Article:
Her tragedy, Coombs said, has “changed my appreciation for what other people go through on a daily basis.”

O L I V I E R D O U L I E RY / A B AC AU S A . C O M / M C T

Carie Lemack sits by a photo of her mother, Judith Camilla Laroque, who was aboard American Airlines Flight 11 when it was hijacked and crashed into the World Trade Center on Sept. 11.

Friday, Sept. 9, 2011

Page 13


Documentary â&#x20AC;&#x2DC;Rebirthâ&#x20AC;&#x2122;: After 9/11, letting go but holding on

Anyone who remembers that crystalline morning may instinctively shy away from seeing â&#x20AC;&#x153;Rebirth,â&#x20AC;? a documentary about people who lost loved ones or barely survived the attacks of Sept. 11, 2001. As the movie opens with a chirpy 8 a.m. weather report on New Yorkâ&#x20AC;&#x2122;s allnews WINS radio station, whose headline story at that moment was the cityâ&#x20AC;&#x2122;s mayoral primary - a heavy feeling of dread sets in. We all know how that day ended. But, for all the grievously familiar contours of its story, â&#x20AC;&#x153;Rebirthâ&#x20AC;? holds an improbably store of surprises, thanks to the deft, sensitive direction of Jim Whitaker. Inspired to document the rebuilding that started almost immediately at Ground Zero, Whitaker installed fourteen time-lapse cameras at the site, taking five-minute snap-

Staff â&#x20AC;&#x153;Rebirthâ&#x20AC;? GuyGrade: XXXX B



Washington Post shots of detritus, destruction and, finally, reconstruction. He also interviewed several survivors, five of whom are on camera here, every year from 2002 to 2006, and he intercuts their reflections with footage from the static cameras. With â&#x20AC;&#x153;Rebirth,â&#x20AC;? Whitaker takes what could have been a maudlin, unhealthy rumination on senseless violence and suffering and creates an absorbing, albeit wrenching, testament to perseverance,

healing and, as one witness puts it, the art of letting go â&#x20AC;&#x153;without letting go.â&#x20AC;? That indelible voice belongs to a young woman who lost her firefighter fiance as he rushed into one of the towers. During her first interview with Whitaker, her anguish still raw, she recalls her denial-fueled bewilderment when her fianceâ&#x20AC;&#x2122;s colleagues arrived at her house with food. Another firefighterâ&#x20AC;&#x2122;s best friend recalls his buddyâ&#x20AC;&#x2122;s last words and final embrace, later facing his late friendâ&#x20AC;&#x2122;s wife who demands he tell her that her husband is still alive. A firefighterâ&#x20AC;&#x2122;s brother, who immediately began helping with the rescue and recovery effort, dreams of airplane parts and human remains; seeing an old shoe can trigger an emotional spiral. A young man who lost his mother

canâ&#x20AC;&#x2122;t accept his fatherâ&#x20AC;&#x2122;s new wife and gets thrown out of his house; a financial executive who suffered horrible burns undergoes dozens of excruciating surgeries while battling feelings of hopelessness. Would it shock you to know that â&#x20AC;&#x153;Rebirthâ&#x20AC;? has a happy ending? The personal journeys of these individuals are so fascinating, so singular, that to give any more details would be akin to spoiling a finely crafted thriller. Suffice it to say that Whitaker, a film executive before turning his hand to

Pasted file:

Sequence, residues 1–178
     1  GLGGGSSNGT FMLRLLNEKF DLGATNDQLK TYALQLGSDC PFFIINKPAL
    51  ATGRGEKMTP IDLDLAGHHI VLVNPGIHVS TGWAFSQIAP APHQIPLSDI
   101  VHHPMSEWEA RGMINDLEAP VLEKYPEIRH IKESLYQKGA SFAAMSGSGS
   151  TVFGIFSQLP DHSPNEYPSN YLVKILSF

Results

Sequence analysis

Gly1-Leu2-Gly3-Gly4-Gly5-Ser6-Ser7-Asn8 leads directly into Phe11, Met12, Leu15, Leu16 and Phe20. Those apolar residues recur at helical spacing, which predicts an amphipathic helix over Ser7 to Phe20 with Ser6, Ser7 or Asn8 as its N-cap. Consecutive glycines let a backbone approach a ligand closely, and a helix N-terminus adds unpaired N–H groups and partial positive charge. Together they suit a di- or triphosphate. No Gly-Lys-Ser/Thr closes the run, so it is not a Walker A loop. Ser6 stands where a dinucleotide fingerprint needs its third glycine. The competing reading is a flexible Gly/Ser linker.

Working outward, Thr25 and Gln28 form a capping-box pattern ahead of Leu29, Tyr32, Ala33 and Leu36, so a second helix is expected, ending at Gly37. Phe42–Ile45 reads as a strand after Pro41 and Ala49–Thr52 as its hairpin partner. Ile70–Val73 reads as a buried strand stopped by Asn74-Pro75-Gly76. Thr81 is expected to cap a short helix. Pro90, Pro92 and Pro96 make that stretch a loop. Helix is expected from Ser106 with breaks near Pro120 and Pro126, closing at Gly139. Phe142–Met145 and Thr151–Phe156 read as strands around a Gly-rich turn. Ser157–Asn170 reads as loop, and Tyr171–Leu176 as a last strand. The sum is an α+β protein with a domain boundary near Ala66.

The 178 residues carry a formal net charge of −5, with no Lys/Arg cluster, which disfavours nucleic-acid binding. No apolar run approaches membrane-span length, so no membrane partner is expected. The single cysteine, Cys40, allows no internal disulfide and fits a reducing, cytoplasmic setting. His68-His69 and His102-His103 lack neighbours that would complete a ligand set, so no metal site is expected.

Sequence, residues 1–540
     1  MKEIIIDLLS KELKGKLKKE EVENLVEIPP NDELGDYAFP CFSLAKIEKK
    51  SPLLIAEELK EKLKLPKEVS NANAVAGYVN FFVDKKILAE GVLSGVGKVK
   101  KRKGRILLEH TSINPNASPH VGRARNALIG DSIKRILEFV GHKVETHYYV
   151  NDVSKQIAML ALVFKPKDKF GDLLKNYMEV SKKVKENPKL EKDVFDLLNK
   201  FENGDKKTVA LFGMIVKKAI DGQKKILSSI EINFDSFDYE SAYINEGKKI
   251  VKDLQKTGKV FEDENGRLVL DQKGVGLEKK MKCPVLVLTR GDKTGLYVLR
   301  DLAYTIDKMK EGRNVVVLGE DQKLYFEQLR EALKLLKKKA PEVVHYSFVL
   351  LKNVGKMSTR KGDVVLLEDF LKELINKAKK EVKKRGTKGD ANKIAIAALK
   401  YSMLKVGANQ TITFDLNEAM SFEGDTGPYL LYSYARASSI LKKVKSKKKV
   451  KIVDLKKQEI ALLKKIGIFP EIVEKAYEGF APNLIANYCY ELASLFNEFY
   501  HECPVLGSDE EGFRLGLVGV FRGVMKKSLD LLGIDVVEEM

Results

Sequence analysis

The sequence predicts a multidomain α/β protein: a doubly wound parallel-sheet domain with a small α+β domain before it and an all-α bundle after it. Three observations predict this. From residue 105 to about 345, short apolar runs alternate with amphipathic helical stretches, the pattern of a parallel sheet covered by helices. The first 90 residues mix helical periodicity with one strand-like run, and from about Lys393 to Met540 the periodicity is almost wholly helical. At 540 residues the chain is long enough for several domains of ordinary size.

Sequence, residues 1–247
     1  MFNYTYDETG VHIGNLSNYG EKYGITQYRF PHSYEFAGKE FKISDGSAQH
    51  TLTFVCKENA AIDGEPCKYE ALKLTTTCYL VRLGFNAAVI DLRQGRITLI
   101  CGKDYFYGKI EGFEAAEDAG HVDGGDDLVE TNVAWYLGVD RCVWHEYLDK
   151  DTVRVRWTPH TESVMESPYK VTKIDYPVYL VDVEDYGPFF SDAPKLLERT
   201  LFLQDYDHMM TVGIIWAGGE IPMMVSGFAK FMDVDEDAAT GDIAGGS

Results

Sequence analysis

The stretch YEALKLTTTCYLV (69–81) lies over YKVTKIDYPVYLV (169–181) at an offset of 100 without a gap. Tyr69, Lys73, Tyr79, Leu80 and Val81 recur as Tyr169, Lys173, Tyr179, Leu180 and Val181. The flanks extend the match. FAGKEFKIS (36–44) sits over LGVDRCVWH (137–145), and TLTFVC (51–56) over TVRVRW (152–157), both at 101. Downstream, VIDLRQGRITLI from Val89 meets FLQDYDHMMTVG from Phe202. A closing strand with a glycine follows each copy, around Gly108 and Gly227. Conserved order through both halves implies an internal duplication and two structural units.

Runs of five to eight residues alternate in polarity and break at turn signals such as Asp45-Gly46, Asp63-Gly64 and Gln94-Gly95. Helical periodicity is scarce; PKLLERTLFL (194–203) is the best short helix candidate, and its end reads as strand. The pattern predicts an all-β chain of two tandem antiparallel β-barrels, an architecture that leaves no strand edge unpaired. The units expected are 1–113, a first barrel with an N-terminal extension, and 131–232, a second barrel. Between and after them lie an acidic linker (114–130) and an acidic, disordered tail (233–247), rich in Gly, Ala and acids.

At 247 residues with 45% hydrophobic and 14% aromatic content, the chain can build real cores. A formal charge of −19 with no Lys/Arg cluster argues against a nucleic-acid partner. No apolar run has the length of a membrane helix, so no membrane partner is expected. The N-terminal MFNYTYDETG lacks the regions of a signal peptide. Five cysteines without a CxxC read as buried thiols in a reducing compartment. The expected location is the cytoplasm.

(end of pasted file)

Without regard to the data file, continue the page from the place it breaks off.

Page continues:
directing, has found five riveting protagonists for this story of unresolved grief and eventual redemption, their personal transformations thoroughly living up to the obliquely spiritual meanings of â&#x20AC;&#x153;Rebirthâ&#x20AC;&#x2122;sâ&#x20AC;? title. (The time-lapse material, overseen by cinematographer Thomas Lappin, has been elegantly shot on 35 mm film, set to the familiar ostinato of a Philip Glass score.) Viewers may initially be confused at the filmmakerâ&#x20AC;&#x2122;s decision not to name his subjects - even as we feel that weâ&#x20AC;&#x2122;re beginning to

Visit Early and Often

â&#x20AC;&#x2122;Contagion,â&#x20AC;&#x2122; is a thinking manâ&#x20AC;&#x2122;s horror movie â&#x20AC;&#x153;Contagion,â&#x20AC;? a thinking manâ&#x20AC;&#x2122;s horror movie about a viral pandemic from the writing-directing team of Steven Soderbergh and Scott Z. Burns (â&#x20AC;&#x153;The Informant!â&#x20AC;?), plays less like a conventional medical thriller - think â&#x20AC;&#x153;Outbreakâ&#x20AC;? - than like a dramatic reading of a â&#x20AC;&#x153;Novaâ&#x20AC;? episode, performed by Hollywoodâ&#x20AC;&#x2122;s elite. Itâ&#x20AC;&#x2122;s stuffed with A-list actors - Gwyneth Paltrow, Matt Damon, Kate Winslet, Laurence Fishburne, Marion Cotillard, Jude Law, Elliott Gould - running around frowning and spitting out terms like â&#x20AC;&#x153;pathognomonic,â&#x20AC;? â&#x20AC;&#x153;fomites,â&#x20AC;? â&#x20AC;&#x153;paramyxovirus,â&#x20AC;? â&#x20AC;&#x153;phylogeneticâ&#x20AC;? and â&#x20AC;&#x153;R-naught number.â&#x20AC;? A few of them are defined; most are not. Thatâ&#x20AC;&#x2122;s the scariest thing about â&#x20AC;&#x153;Contagion.â&#x20AC;? We never know exactly what it is weâ&#x20AC;&#x2122;re supposed to be afraid of, as one character notes, early in the film. Then again, thatâ&#x20AC;&#x2122;s not entirely true. Based on Soderberghâ&#x20AC;&#x2122;s shooting style in the filmâ&#x20AC;&#x2122;s first few seconds, which include ominously tight close-ups of a hand on a bus pole and a bowl of cocktail peanuts in a bar, itâ&#x20AC;&#x2122;s anything and everything that we come in contact with thatâ&#x20AC;&#x2122;s terrifying. Iâ&#x20AC;&#x2122;ll guarantee you one thing: Before this movie is over, you will stop unconsciously touching your face (or, if youâ&#x20AC;&#x2122;re a critic, sticking your pen in your mouth). What â&#x20AC;&#x153;Psychoâ&#x20AC;? did for showers, â&#x20AC;&#x153;Contagionâ&#x20AC;? aims to do for shaking hands and shared water glasses. Otherwise, â&#x20AC;&#x153;Contagionâ&#x20AC;? is not all that disturbing, except perhaps on an intellectual level. Thatâ&#x20AC;&#x2122;s partly due to Soderberghâ&#x20AC;&#x2122;s restraint. The script, which is reportedly based on solid scientific research about disease and its transmission, treatment and control, is admirably unsensationalistic. And thatâ&#x20AC;&#x2122;s even considering the fact that the virus at the heart of the story - dubbed MEV1, though what that stands for is never explained - has a shorter and more lethal incubation period than anything weâ&#x20AC;&#x2122;ve previously seen. (SARS, swine flu, H1N1 - â&#x20AC;&#x153;Contagionâ&#x20AC;? drops the names of real-life medical scares like mad.) Paltrow, whose Beth Emhoff is the first to come down with the new disease, is dead mere minutes into the movie, after lapsing into a scary, mouth-frothing seizure. â&#x20AC;&#x153;Oh, my God,â&#x20AC;? says the coroner upon opening up her skull and seeing whatâ&#x20AC;&#x2122;s inside, â&#x20AC;&#x153;should I call some-